The Canterbury lines company, Orion, says hundreds of its customers in the Selwyn District will still be without power on Monday, because of damage to a substation.
Orion reconnected 2000 more properties to the grid, mostly in rural areas, on Thursday night but hundreds of properties in its Selwyn district, and customers of other companies in the lower North Island were still without power on Friday morning in Taranaki, Wairarapa, Tararua and Manawatu.
Federated Farmers has plugged some of the generation gap in coming to the rescue of Canterbury dairy farmers unable to milk their cows.
The federation put out a call on Wednesday for generators to help farmers who had lost their power as a result of the violent wind storm the day before, which meant they couldn't run their milking sheds or pump water for livestock.
The call worked. National dairy farmers chair Willy Leferink said by Thursday, they had more generators on offer than farmers still needing them.
He said more dairy farmers are installing generators as an emergency back up for milking and water supply.
North Canterbury Rural Support Trust chairman Doug Archbold is reinforcing the need for that.
He said he's aware of one farm with two sheds and 1200 - 1500 cows that does not have a generator and that could be $20 million of investment.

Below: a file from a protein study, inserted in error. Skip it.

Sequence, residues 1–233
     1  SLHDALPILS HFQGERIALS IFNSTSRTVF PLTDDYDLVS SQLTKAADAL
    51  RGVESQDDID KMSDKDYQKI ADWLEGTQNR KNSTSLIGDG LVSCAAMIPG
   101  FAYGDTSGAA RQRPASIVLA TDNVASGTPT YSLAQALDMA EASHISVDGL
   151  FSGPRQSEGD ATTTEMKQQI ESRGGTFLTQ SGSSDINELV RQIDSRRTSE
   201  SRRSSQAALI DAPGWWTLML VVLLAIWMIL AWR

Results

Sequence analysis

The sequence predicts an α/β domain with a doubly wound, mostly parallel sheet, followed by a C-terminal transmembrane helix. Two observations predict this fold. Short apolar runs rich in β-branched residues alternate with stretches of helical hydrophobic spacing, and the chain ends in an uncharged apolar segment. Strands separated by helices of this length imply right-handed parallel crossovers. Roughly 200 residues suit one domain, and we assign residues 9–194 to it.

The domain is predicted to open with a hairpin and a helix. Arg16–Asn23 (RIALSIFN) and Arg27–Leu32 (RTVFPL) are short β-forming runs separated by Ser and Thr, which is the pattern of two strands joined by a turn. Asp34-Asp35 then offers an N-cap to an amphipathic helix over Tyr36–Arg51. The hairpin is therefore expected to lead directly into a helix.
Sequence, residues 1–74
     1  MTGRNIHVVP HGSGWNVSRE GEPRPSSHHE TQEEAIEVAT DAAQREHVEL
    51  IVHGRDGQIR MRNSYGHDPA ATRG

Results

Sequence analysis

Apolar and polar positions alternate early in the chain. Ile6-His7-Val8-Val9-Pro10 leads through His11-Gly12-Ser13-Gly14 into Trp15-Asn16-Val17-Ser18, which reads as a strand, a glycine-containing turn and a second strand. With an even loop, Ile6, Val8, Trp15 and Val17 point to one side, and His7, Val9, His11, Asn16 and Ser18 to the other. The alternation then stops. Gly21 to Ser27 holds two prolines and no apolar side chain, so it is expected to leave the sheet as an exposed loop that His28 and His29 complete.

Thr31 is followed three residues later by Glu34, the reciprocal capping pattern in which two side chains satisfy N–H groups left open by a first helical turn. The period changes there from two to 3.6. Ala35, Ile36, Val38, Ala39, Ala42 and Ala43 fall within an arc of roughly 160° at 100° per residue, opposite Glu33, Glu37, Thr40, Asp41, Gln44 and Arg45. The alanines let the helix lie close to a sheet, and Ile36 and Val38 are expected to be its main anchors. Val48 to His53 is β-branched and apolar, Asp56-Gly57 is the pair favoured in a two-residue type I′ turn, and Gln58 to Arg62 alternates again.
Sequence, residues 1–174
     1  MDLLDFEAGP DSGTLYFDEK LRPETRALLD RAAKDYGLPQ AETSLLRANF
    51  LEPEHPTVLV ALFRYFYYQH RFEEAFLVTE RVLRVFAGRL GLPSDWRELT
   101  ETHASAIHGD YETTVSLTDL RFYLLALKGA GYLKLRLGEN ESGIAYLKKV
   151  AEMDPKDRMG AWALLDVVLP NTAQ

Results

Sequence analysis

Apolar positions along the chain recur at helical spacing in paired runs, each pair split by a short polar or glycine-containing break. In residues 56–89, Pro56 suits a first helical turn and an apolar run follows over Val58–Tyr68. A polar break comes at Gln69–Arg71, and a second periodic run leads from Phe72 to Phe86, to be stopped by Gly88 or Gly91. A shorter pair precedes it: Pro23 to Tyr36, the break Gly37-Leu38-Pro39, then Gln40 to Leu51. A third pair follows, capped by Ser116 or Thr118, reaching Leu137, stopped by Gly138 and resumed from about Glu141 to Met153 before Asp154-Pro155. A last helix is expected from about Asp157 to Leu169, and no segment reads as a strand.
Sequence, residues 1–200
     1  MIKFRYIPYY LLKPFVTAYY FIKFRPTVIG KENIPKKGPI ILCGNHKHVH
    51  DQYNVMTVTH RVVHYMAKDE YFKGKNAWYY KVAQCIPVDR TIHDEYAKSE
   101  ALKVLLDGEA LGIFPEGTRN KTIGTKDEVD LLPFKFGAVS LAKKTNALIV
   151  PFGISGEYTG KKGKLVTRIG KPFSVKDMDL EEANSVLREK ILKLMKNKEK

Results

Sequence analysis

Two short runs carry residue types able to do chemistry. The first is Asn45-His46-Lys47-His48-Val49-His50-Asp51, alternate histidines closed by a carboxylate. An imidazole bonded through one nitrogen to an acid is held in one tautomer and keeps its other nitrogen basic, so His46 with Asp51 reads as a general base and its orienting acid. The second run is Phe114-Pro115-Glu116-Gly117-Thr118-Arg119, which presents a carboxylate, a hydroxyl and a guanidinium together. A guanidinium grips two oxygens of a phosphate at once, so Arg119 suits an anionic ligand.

Mr Archbold said he's taken aback that they would not spend up to $30,000 to get a generator, or they could even go halves with their neighbour.
He said it's been a good season in terms of price and perhaps those who sell generators would be wise to send a flyer out to dairy farmers.
Mr Archbold said he was surprised at the number sheep and beef farmers caught in the big June snow fall who had emergency generators.
Mr Leferink agrees that dairy farmers getting a big milk payout this season should consider putting a decent-sized generator on their Christmas shopping list.
The rural insurer FMG expected to have more than a thousand claims by the end of Friday for wind-related damage.
FMG's general manager of insurance Conrad Wilkshire, said he expected a total of $10 million worth of claims, about half of that for wrecked or damaged pivot irrigators in Canterbury.
The industry body Irrigation New Zealand has asked the Government to issue temporary work visas to bring in specialist irrigation installers from overseas to repair the damage to an estimated 800 irrigators.